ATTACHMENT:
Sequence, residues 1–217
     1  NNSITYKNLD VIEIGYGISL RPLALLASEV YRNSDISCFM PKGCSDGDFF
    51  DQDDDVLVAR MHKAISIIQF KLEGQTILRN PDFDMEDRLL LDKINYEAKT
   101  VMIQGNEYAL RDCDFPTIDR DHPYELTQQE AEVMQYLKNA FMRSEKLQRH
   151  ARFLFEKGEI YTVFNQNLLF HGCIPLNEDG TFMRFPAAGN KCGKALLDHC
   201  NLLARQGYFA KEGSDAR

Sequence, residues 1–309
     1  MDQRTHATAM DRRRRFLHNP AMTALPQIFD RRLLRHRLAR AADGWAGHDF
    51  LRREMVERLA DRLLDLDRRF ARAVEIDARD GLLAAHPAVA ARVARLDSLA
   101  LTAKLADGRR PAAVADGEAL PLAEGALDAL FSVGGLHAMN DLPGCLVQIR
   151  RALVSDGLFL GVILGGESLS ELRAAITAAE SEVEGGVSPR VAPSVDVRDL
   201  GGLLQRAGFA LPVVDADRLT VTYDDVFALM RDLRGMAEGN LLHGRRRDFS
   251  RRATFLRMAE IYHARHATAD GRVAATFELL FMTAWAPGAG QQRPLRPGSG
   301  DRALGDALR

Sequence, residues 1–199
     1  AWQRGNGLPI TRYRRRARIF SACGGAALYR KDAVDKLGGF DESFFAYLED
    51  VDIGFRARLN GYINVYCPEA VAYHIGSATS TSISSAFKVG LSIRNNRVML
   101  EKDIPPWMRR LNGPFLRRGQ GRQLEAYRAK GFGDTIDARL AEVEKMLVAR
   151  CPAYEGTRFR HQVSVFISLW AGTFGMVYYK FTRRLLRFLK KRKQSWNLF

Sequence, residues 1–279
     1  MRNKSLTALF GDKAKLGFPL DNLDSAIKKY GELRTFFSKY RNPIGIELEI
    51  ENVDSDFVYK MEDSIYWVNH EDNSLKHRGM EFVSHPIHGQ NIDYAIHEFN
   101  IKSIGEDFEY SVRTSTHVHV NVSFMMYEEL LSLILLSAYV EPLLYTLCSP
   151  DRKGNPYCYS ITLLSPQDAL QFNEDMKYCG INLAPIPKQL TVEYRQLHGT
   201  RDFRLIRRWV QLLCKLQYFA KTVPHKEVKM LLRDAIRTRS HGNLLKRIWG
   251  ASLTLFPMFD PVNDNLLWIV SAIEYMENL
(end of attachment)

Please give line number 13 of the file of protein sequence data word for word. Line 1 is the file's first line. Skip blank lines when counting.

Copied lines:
   251  RRATFLRMAE IYHARHATAD GRVAATFELL FMTAWAPGAG QQRPLRPGSG